Sunday, 28 March 2010

The reason...

why I haven't been posting recently...

that and my dad is here to share in the festivities... and camp out in my teeny tiny one room apartment...!

Tuesday, 23 March 2010

Bookcase Tour Tuesday - Hokusai

One of my friends works for the Cultural Properties Department of Sumida-ku, in Tokyo. She has been indirectly involved in the ward's plans to build a Hokusai Museum. The ward was given an impressive collection of woodblock prints by the famous artist, collected and donated by an American art historian, Peter Morse (great-grandnephew of Edward Sylvester Morse, a zoologist who first taught that field in Japan and also discovered the first shell mounds thereby starting the study of archeology as well; also half of the focus of my first MA thesis)


When he donated the collection to Sumida-ku, Morse stipulated that it should be put on display in a purpose-built museum. While that museum doesn't exist yet (although archaeological surveys are currently being carried out on the land where it is to be built) a catalogue of the heart of its collection has been published in limited circulation. I was lucky to be given a copy of this large hardcover book for free!

The collection is lacking in Hokusai's more widely known prints but it is very impressive and extensive, and contains some beautiful prints of people and everyday situations, of landscapes, and... of ghost stories! - I'm looking forward to visiting the finished museum!

Thursday, 18 March 2010

Loving two worlds

As I mentioned last week, it has taken me a while to get back into the swing of things in Tokyo. For a while, with the glow of my visit to Olympic Vancouver still on, I was questioning my desire to stay in Japan. But slowly I've gotten my groove back. Today was a day that reminded me why I am here, an easy day for a things I love Thursday!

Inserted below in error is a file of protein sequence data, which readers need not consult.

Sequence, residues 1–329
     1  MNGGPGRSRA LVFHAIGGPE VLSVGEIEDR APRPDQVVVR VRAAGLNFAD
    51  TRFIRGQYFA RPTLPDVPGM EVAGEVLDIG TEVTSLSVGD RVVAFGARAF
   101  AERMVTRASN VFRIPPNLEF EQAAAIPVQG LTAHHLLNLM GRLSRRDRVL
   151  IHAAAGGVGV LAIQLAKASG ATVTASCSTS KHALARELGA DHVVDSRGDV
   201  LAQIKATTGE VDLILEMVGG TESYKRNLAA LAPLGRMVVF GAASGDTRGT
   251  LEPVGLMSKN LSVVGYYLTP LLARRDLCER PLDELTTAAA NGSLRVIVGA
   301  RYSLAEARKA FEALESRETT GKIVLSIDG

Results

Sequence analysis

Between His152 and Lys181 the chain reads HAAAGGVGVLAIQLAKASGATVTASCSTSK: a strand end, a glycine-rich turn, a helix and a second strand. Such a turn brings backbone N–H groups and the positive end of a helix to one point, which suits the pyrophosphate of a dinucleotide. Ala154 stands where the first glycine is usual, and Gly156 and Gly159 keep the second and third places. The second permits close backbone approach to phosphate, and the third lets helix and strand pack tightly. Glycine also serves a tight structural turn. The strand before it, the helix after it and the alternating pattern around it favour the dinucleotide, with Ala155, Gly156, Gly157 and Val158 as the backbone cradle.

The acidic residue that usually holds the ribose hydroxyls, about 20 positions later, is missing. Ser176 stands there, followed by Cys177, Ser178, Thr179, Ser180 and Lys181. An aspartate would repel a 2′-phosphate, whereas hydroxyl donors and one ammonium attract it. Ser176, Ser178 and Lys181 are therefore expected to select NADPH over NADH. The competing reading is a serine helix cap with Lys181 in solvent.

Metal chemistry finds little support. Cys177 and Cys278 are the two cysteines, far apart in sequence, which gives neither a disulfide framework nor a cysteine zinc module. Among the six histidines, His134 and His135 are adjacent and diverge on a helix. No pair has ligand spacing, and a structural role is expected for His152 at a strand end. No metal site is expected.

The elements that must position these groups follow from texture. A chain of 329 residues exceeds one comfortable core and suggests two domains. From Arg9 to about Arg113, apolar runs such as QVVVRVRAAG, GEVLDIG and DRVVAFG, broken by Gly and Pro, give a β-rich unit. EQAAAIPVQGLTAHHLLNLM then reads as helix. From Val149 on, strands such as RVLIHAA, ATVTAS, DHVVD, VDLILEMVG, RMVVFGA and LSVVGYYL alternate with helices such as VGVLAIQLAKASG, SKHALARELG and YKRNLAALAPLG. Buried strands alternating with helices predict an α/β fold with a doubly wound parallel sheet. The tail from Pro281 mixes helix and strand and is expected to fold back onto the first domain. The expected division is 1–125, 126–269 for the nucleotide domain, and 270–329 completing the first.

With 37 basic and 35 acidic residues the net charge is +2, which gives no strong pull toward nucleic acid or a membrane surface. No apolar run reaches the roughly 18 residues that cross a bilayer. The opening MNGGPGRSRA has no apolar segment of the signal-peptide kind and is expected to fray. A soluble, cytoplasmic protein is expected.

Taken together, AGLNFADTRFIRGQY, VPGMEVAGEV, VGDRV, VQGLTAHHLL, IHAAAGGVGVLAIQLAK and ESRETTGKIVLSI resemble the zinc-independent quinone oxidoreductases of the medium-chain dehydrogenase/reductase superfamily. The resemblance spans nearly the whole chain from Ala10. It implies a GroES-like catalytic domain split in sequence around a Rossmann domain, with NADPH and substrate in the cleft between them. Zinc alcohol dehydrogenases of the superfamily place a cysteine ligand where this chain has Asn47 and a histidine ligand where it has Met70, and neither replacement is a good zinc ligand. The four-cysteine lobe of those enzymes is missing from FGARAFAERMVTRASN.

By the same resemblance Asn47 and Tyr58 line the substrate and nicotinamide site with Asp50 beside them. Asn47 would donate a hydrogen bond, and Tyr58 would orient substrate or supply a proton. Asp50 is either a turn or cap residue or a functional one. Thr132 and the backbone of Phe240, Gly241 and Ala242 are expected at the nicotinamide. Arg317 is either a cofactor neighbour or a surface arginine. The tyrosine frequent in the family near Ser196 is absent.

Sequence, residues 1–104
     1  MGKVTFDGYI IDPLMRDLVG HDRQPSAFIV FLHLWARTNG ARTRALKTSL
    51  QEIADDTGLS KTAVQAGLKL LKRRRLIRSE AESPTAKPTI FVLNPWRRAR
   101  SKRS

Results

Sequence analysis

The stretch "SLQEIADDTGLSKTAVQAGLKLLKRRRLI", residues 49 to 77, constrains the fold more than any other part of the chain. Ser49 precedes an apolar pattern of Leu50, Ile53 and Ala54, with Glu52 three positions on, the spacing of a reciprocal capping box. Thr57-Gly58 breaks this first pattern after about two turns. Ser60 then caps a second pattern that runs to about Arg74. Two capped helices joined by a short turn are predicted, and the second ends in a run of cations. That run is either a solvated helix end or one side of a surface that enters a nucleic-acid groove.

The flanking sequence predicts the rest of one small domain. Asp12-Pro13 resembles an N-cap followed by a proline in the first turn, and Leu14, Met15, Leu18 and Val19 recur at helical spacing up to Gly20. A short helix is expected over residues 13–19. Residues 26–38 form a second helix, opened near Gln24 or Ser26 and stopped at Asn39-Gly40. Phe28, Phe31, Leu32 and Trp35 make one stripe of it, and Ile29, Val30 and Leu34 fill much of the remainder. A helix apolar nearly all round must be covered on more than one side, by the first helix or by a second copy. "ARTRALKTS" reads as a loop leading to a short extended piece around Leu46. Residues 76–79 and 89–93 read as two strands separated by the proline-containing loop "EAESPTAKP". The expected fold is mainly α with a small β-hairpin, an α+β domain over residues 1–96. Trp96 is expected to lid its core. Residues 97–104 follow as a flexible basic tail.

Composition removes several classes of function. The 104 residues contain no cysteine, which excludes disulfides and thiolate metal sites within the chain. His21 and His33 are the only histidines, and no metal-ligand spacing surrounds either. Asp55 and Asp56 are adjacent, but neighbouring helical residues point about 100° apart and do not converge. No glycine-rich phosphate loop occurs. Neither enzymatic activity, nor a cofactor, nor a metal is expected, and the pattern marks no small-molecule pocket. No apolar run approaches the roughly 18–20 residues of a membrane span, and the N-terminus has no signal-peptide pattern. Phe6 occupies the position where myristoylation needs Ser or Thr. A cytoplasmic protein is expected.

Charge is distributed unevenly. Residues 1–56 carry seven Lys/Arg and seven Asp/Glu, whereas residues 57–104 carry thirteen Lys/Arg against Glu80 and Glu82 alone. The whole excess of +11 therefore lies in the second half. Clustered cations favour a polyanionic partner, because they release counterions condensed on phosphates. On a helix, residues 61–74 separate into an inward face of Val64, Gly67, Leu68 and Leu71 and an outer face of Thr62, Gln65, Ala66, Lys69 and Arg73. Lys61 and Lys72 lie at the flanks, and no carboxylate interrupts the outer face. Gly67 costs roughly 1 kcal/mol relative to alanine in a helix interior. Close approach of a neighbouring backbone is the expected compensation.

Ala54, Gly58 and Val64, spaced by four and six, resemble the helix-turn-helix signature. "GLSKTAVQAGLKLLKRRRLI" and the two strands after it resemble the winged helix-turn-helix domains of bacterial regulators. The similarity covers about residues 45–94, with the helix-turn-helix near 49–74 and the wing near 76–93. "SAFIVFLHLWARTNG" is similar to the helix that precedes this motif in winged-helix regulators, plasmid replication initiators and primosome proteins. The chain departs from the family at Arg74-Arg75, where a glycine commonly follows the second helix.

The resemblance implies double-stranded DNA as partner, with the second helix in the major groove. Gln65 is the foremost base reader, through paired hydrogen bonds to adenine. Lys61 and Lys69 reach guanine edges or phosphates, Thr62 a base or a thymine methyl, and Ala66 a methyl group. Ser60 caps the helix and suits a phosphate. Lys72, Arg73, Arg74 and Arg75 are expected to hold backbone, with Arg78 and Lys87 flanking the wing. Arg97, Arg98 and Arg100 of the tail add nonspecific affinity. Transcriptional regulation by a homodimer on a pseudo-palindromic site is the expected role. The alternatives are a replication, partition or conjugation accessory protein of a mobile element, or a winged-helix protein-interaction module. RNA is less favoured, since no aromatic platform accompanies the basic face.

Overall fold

I spent the morning at SnB - while we haven't had many the past few months, there was a great turn out today, and we took over one side of the second floor of the coffee shop. I'm sure there were more than a few salarymen freaked out by the large group of foreign women laughing and talking loudly in English!

I left there and headed off to spend my afternoon with a very different group - all Japanese and almost all male. I had been invited to attend a meeting/mini-conference held by a group of about two dozen museums. It was very well attended and the discussion was much more lively than I had expected. It gave me a lot to think about, and reminded me that just because I'm graduating next week does not mean my opportunities to learn and discuss are coming to an end.

Two very different groups, two very different meetings, two very different parts of my life here, two very different things to love!

Wednesday, 17 March 2010

Boiling the oil

I was rather apprehensive when La Fuji Mama announced that this month's Washoku Warriors challenge was tempura. I enjoy eating it, don't get me wrong, but cooking it myself? Tempura cooking fires are a danger I heard about in spades and then got to take my hand at putting out when I went to the Tachikawa Bosaikan (a hands-on disaster prevention museum). Then there is the mess involved in cooking with oil - judging by the complaints I've heard just thinking about cooking with oil could condemn my kitchen (such as it is) to be permanently coated in inches of oily sludge. When I told U that our challenge this month was tempura he wasn't pleased either. But I insisted and he gradually warmed to it - as long as I would agree to doing more than just the kakiage (mixed veggies) the challenge called for.

So we headed out on Saturday afternoon to do our grocery shop, me attempting to faithfully pick up the veggies the recipe called for and U questioning every vegetable I chose.

U - "What? You're using sweet potato? Why?!??"
Me - "Because that is what the recipe calls for."
U - "But kakiage doesn't need sweet potato. Why are you buying carrots?"
Me - "Because that is what the recipe calls for."
U - "But kakiage doesn't need carrots. Why aren't you buying lotus root?"
Me - "Because the recipe doesn't call for it."